March 15, 2012

from YouTube Website

NASA's Fermi Gamma-Ray Telescope is finding hundreds of new objects at the very edge of the electromagnetic spectrum.


Many of them have one thing in common:

Astronomers have no idea what they are.

Fermi is picking up crazy charged particles via electromagnetic waves - and it’s detecting so many of them Fermi has been able to produce the first all-sky map of the very high energy universe.

The Fermi Gamma-ray Space Telescope is a space observatory being used to perform gamma-ray astronomy observations from low Earth orbit.


Its main instrument is the Large Area Telescope (LAT), with which astronomers mostly intend to perform an all-sky survey studying astrophysical and cosmological phenomena such as active galactic nuclei, pulsars, other high-energy sources and dark matter.

When asked what is the origin of these new found charged particles, and where do they come from?


Dave Thompson, an astrophysicist at NASA’s Goddard Space Flight Center gave us his answer.

“It’s a mystery, for one thing. About a third of the new sources can’t be clearly linked to any of the known types of objects that produce gamma rays. We have no idea what they are. The other two-thirds have one thing in common - astounding energy.”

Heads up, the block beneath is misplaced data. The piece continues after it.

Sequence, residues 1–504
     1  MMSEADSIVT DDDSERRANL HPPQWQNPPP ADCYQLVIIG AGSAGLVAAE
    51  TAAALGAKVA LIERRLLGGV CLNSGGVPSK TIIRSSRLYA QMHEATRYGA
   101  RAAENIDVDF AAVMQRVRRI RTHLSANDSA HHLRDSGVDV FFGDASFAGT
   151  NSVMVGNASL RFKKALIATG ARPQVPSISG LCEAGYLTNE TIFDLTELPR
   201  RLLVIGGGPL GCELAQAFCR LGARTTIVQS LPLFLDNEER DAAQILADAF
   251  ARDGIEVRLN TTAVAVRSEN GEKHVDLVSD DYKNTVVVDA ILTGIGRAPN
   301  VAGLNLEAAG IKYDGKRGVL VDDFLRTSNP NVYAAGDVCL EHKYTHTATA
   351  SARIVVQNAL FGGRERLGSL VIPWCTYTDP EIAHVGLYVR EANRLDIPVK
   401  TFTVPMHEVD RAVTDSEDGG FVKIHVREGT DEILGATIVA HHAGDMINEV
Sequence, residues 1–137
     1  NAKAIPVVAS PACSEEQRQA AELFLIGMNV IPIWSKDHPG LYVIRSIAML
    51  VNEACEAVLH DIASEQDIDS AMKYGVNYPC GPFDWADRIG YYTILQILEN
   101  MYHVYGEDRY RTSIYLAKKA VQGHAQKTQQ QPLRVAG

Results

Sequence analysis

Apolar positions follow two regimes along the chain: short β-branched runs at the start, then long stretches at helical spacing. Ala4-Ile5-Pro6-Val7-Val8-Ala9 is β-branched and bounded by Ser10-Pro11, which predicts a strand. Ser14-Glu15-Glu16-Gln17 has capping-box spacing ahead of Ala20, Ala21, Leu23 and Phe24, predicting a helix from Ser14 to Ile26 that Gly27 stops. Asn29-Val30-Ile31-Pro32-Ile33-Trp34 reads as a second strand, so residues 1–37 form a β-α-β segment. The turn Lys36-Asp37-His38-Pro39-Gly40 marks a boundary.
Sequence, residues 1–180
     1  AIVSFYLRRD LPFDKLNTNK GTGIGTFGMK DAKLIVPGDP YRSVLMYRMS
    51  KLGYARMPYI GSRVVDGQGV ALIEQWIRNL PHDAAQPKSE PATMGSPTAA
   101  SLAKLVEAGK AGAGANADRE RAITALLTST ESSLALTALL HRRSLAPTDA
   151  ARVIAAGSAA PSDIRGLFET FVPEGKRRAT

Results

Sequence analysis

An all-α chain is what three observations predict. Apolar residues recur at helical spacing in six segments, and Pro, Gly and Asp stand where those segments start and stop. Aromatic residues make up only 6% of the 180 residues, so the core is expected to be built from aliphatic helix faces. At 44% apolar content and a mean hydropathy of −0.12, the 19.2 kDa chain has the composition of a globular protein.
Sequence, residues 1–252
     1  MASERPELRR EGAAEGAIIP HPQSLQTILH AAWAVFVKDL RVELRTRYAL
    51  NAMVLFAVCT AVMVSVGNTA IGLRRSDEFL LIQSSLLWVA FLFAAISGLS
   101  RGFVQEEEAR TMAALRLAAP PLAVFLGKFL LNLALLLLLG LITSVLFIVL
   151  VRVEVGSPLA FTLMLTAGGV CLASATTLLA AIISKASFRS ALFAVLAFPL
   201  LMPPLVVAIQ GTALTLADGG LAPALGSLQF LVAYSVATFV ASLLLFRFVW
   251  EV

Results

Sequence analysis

Strange radiation streaming from the core of our Milky Way galaxy may be a long-sought signal of dark matter, the elusive stuff thought to make up much of the universe.


The charged particles cannot be explained by the structural mechanisms in the galaxy, and it cannot be charged particles from supernova explosions.


It is believed this could be proof of dark matter - otherwise, we have discovered an absolutely new (and unknown) mechanism of acceleration of particles in the galactic center.

Astronomers have used NASA’s Chandra X-ray Observatory to find evidence our Milky Way Galaxy is embedded in an enormous halo of charged particles that extends for hundreds of thousands of light years.


The estimated mass of the halo is comparable to the mass of all the stars in the galaxy.

Caught up in a spiraling flow are magnetic fields, which accelerate hot material along powerful beams above the accretion disk. The resulting high-speed jet, launched by the black hole and the disk, shoots out across the galaxy, extending for hundreds of thousands of light-years.


These jets can influence many galactic processes, of which is still to be determined.








Mysterious Objects The Edge of The Electromagnetic Spectrum